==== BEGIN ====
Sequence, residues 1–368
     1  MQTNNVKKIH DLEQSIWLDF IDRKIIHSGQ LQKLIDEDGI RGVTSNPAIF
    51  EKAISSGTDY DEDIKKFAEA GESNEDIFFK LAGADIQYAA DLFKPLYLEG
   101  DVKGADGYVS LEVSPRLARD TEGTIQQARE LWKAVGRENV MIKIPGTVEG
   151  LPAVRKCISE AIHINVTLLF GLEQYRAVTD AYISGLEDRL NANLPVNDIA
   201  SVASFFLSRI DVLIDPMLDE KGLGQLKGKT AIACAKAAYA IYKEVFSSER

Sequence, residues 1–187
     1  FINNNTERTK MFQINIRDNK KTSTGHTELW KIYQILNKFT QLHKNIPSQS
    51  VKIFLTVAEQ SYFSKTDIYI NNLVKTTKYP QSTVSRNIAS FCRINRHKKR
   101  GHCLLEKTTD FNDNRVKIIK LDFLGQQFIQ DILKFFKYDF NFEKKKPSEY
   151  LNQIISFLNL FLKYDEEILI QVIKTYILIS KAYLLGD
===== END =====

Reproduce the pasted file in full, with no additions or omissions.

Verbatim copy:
Sequence, residues 1–368
     1  MQTNNVKKIH DLEQSIWLDF IDRKIIHSGQ LQKLIDEDGI RGVTSNPAIF
    51  EKAISSGTDY DEDIKKFAEA GESNEDIFFK LAGADIQYAA DLFKPLYLEG
   101  DVKGADGYVS LEVSPRLARD TEGTIQQARE LWKAVGRENV MIKIPGTVEG
   151  LPAVRKCISE AIHINVTLLF GLEQYRAVTD AYISGLEDRL NANLPVNDIA
   201  SVASFFLSRI DVLIDPMLDE KGLGQLKGKT AIACAKAAYA IYKEVFSSER

Sequence, residues 1–187
     1  FINNNTERTK MFQINIRDNK KTSTGHTELW KIYQILNKFT QLHKNIPSQS
    51  VKIFLTVAEQ SYFSKTDIYI NNLVKTTKYP QSTVSRNIAS FCRINRHKKR
   101  GHCLLEKTTD FNDNRVKIIK LDFLGQQFIQ DILKFFKYDF NFEKKKPSEY
   151  LNQIISFLNL FLKYDEEILI QVIKTYILIS KAYLLGD